In fact, over 25% of Pinterest usage worldwide is related specifically to finding and buying products.

With stats like this, you can clearly see how Pinterest provides such a fertile ground for affiliate marketing.

And you’re probably wondering why the hell you didn’t take notice before!

So without further ado, let’s look at how to get start with Pinterest affiliate marketing.

How to Make Money With Pinterest Affiliate Marketing

Step 1: Picking a Niche

Let’s face it.

Not all affiliate niches are created equal.

Niches like sports or gaming feature lots of physical products and low commission offers, while niches like finance and cryptocurrency boast high commissions with recurring and lifetime offers.

In general, we think being passionate about a niche is all it takes to lead to success.

But it’s also worth keeping in mind the landscape of a niche’s affiliate offers.

And with Pinterest affiliate marketing we highly recommend focusing on a niche that performs well on the platform.

Here’s a list of the top-performing niches on Pinterest for affiliate marketing:

  • Food & cooking
  • Health & fitness
  • DIY / crafts
  • Home decor & interior design
  • Travel
  • Fashion
  • Beauty & personal care
  • Parenting
  • Gifts
  • Entrepreneurship

Each of these areas has a ton of different affiliate opportunities for you to choose from.

This moves us nicely onto the next step…

Step 2: Find Niche Affiliate Offers to Promote

Next, you’ll need to find the actual offers to promote.

It’s as simple as going to Amazon Associates, finding a product, and generating an affiliate link.


Actually no.

Amazon affiliate is a great beginner affiliate program, but it’s certainly not the most lucrative with most commissions ranging between 1%-4%. It’s also limited to almost exclusively physical products.

Things to look for in an affiliate program are:

Long Cookie Length: Cookies are what track purchases and other events. The longer the cookie, the more likely you are to make a sale. They can range from anywhere to 24 hours, to 30 days, to 1 year.

High Commission: It goes without saying, the higher the commission an offer has, the better.

High Conversion Rate: This is likely more key than the commission amount. It doesn’t matter how much you get paid if the offer doesn’t convert.

There’s a few other things you should look for, but these are the main three.

Once you’ve chosen a niche and found some affiliate programs, you’re ready to get started on the next step.

Step 3: Create Your Pins

Now, it’s time to start creating pins to post.

You’re not allowed to use Amazon’s pictures on Pinterest. And even if you could, we wouldn’t recommend it.

As we mentioned above, Pinterest is a very visual platform. So you’ll want to create aesthetically appealing pins that’ll entice users to click.

Most successful Pinterest affiliate marketers we know use Canva. Canva’s great for generating beautiful pins very quickly using their premade templates and other awesome design tools.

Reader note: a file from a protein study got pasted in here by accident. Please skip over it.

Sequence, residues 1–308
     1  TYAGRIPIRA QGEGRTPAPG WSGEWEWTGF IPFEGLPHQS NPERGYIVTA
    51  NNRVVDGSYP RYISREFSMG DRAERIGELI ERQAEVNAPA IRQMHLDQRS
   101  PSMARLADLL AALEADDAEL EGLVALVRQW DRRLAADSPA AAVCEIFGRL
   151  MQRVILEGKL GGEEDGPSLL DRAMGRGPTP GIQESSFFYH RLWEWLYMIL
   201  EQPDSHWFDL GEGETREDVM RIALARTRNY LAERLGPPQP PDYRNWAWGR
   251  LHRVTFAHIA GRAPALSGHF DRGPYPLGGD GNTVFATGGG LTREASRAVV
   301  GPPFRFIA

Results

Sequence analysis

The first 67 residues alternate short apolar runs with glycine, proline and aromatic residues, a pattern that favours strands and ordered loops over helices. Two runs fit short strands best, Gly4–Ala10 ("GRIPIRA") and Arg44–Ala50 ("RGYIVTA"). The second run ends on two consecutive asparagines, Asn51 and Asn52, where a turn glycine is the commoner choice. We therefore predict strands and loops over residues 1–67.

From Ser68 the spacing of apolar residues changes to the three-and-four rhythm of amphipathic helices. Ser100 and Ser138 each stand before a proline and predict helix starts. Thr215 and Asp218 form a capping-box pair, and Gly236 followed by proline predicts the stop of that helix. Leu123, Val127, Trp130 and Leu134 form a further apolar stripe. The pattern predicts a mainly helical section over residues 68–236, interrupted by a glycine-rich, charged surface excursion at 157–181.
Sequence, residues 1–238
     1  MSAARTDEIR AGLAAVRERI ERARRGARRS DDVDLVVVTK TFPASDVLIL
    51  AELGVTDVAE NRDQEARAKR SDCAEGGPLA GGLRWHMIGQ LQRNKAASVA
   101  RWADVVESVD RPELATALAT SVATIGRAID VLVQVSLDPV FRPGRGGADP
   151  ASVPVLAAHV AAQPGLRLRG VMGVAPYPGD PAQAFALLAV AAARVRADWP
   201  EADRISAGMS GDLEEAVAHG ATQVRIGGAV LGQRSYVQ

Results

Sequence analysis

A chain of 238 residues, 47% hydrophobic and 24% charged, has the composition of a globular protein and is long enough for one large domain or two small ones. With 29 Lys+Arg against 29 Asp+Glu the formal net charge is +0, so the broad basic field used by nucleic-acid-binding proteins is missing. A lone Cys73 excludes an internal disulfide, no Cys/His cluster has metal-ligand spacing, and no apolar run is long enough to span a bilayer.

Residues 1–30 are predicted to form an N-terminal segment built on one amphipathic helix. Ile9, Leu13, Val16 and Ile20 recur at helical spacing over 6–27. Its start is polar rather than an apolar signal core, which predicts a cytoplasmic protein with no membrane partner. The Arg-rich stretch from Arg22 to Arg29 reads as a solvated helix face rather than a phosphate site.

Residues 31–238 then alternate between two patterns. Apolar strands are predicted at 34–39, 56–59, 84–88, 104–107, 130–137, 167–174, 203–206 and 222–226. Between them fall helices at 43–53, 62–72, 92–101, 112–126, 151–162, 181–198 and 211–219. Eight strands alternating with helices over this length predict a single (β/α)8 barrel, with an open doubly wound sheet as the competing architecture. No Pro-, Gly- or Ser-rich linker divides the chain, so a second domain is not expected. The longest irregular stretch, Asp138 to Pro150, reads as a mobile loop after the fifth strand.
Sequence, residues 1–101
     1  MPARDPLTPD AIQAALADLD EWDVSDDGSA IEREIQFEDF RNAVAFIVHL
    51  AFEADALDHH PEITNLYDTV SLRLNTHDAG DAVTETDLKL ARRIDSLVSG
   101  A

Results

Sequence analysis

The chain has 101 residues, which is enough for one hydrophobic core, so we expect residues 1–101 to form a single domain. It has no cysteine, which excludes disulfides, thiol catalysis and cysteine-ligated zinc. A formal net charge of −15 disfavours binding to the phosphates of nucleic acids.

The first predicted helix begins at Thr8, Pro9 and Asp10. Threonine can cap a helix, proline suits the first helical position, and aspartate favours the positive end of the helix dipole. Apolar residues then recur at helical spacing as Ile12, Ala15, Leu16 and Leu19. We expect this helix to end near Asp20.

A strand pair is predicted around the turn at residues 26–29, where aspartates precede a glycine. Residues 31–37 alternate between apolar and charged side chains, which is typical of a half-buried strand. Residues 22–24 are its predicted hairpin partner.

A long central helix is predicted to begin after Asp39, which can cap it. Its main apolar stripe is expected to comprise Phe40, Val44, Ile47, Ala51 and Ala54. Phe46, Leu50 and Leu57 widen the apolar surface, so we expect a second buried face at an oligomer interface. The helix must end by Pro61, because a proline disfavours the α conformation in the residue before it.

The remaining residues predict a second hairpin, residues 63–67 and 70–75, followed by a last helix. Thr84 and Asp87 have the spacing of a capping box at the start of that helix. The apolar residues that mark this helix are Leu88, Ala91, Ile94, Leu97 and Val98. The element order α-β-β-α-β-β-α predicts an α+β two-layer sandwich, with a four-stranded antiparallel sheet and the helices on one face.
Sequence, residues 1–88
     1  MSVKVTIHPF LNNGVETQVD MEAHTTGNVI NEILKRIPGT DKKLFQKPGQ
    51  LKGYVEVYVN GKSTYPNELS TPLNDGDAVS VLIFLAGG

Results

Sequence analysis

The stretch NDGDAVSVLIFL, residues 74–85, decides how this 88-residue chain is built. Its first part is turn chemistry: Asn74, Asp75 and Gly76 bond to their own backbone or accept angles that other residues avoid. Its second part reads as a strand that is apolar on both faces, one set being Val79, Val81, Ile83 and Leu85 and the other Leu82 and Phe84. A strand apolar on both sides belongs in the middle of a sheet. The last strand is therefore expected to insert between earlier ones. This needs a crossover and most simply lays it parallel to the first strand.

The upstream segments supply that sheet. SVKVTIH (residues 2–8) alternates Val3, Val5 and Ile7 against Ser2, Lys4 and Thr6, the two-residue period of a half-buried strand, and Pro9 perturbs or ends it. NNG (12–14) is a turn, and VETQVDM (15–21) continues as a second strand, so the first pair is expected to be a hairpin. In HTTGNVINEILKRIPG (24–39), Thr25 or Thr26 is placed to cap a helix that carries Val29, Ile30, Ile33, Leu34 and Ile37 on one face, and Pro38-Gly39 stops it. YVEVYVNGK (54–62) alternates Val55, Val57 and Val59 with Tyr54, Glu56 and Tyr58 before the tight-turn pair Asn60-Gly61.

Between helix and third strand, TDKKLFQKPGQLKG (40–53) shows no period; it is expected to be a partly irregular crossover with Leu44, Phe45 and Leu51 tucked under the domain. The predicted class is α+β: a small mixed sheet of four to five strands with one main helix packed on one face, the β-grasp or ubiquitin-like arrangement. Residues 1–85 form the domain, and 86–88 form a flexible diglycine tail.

Plus they offer a vast library of stock photos for you to pull from. So you’ll never be short of images.

As far as designs to use for successful pins, that’s a bit out of scope for this guide.

But in general, clean, clear, and simple designs tend to perform best.

If it’s difficult to read, then no one will read it and it definitely won’t get clicks!

Step 4: How To Upload Affiliate Pins To Pinterest

In order to post your pins, you’ll need a Pinterest account.

When you sign up, make sure you click ‘create a business account’. This will give you access to Pinterest’s analytics so you can track the performance of your pins.
With a personal account, you won’t get access to this.

Once you’ve created your account, navigate to the top corner and click the create button

From here, select the type of pin you want to make. Pins are what most of you will want to use, but the new story pins are pretty interesting and fun to play with!

Now, you’ll want to fill out all the fields shown below for your pin.

Title: The title should make it immediately obvious what the pin is about and entice the audience

Destination Link: Where the viewer will go when clicking through.

Description: Describe what your pin is about. Don’t forget to make it interesting and include a CTA

Image or Video Slot: This is where you upload the image you created earlier

Publish Options: Choose to publish immediately or at a later date.

Remember, Pinterest is a search engine. So it’s essential to include keywords for SEO in both the title and description.

If you’re inserting an affiliate link directly you’ll need to include a disclosure. Avoid any form of link clocking as this violates Pinterest’s acceptable use policy.

Although using direct affiliate links on Pinterest is not the best strategy. We’ll cover why a little later on.

But for now, let’s get back to posting your first pin…